So what's the date of this? He's got aluminum poles with metal/rubber baskets so it's not 50's right? Wouldn't it be early-mid 60's?

The technique. Isn't his outside ski leading the inside? Did he change his grip with the left hand or does it just look that way?

It looks like a lot of work to get yourself in position for each turn but maybe it's really no different than today.

Ott, were turns generally large radius back then? What happened to technique in the moguls? Still this much counter?

Did people really need to ski on 210's or was it just the way it was? Just like did we really need to ski on similar lengths just five years ago?

So if we pried his legs and feet apart and gave him less counter wouldn't it look just like current technique?

post #24 of 85
If someone can figure out the boots, we might be able to date the picture. I can't figure out whether they are lace or buckle and they are very short. Koflach by chance or early Lange. The non leather pole baskets indicate circa 1966-1968. Someone said White Star and I know that was "the" Kneissel ski, however, I swear I see a little red color on the top, hence, a red star racer perhaps?

Yes tog, skis were long, the litmus was to extend your arm and skis were about as tall as you could reach.

I think bumps had a different shape. Remember, there were no snowboards and no one was on a 170 cm ski.
post #25 of 85
Rusty Guy, I didn't take the "retro" remark as negative, as a matter of fact, anything emulating the past is correctly referred to as retro, a lot of good thing from the past are brought back.

Tog, Trygve Berge was indeed in Breck in the 60s, Breckenridge, as a ski area, didn't exist before that. The only ski area in Summit County then was Arapahoe Basin, where in 1961 a season ticket cost $80 and a daily ticket was $3.75, Willy Schaeffler was the ski school director (and a founder of PSIA, BTW), and they ran a special for a total of $57 which included 6 days skiing, 5 nights lodging in Dillon or Frisco with two meals per day.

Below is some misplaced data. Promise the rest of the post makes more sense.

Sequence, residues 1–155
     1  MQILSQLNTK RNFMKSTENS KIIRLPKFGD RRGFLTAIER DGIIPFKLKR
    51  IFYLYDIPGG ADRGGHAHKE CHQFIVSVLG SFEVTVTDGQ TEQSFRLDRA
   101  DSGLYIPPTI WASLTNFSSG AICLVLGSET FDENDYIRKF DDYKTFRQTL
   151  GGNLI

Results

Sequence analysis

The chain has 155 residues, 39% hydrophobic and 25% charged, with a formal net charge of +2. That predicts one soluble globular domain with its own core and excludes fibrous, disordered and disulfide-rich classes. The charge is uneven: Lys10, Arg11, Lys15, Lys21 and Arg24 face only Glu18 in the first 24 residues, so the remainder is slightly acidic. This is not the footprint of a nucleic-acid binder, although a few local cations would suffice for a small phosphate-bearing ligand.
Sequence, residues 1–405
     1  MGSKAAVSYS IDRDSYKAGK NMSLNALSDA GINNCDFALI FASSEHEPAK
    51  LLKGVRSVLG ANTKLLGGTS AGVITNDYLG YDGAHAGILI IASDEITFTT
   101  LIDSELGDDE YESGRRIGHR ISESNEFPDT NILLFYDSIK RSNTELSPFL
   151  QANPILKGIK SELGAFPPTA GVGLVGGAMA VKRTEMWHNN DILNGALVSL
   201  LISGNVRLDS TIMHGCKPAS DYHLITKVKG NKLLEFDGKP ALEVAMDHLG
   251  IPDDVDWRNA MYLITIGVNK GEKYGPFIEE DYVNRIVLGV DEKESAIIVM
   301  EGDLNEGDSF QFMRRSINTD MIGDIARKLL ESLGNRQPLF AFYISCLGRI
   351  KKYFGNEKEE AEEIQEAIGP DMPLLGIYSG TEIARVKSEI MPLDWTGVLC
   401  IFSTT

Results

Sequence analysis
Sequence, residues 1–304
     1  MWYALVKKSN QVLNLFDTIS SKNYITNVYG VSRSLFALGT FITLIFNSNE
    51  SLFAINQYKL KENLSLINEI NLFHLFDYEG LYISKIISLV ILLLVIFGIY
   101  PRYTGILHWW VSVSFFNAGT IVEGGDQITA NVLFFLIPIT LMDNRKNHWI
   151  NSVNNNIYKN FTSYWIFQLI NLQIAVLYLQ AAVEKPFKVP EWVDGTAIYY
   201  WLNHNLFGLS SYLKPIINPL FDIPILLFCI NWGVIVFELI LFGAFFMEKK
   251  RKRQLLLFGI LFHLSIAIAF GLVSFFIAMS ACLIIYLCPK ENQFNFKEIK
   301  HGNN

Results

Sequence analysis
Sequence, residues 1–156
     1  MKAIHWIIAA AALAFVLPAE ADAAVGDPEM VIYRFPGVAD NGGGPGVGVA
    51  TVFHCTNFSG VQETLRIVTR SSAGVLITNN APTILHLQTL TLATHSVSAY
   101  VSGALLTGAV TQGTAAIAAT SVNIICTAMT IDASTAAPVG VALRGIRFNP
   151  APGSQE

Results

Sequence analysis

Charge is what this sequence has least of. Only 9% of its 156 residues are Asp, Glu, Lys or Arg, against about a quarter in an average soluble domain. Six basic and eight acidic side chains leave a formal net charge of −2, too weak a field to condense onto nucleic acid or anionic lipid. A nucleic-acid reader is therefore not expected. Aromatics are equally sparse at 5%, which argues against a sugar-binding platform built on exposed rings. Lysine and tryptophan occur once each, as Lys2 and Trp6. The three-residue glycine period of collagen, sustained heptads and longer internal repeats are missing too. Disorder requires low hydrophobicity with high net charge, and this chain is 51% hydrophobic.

Look at Trygve's boots and you can see that his upper one is leading. Those were steel poles in those days, I still have some Heads, but the basket looks like a Scott basket (the Heads have five spokes) although the Scott poles were gold on the upper half and silver on the lower. It just looks like he has a reverse grip on the pole, it actually is correct.

It's not more work to ski like that than it is now with the wide track. In the position he is in, it is obviously a high speed long radius turn, showing off the correct Austrian technique of the time, which was essentially to initiate the turn with up-unweighting and counter rotation and then ride the skis around in fairly static position, determining the radius via edge control by rolling the ankles (easier done with leather boots) and forward pressure against the tongue, thus making the tip bite more or less.

I wish I had the URL for Wedeln that Dangerous Brian put up here in one of the threads, it shows what short swings looked like in the Austrian Technique. At the time this poster was shot, the skiing world learned first of what skiing with a stable upper body meant, only skiing from the hip down, and it was done and looked EXACTLY as the present shortswing with rebound, only with feet together, flat edge wipes on the flats, more edge set on the steeps. Because of it's translation into English as "tail wagging" a literal translation, people reading it in magazines and books thought they had to wag the tails, so they sat back and pushed their heels around, when in actuality, tail wagging was a description of the EFFECT of wedeln, you didn't have to do it, the tail wagging just hapened when you rebounded and brushed the tails of your skis under you and to the other side, I can still make two turns a second while wedeln. In the moguls you skied just like you do today, from the hips down, mostly knee action, though at that time we thought that skiing should be done on the snow, no one thought that getting "air" was anything special. We often took off from the upper side of one mogul and landed on the down side of the next, but we didn't do grabs, etc. An occasional Royal Christy or Mambo under the lift "populated with young things" as one book says, was about it. Except of course Stein Ericksen's layout flip at 2 p.m. every Sunday.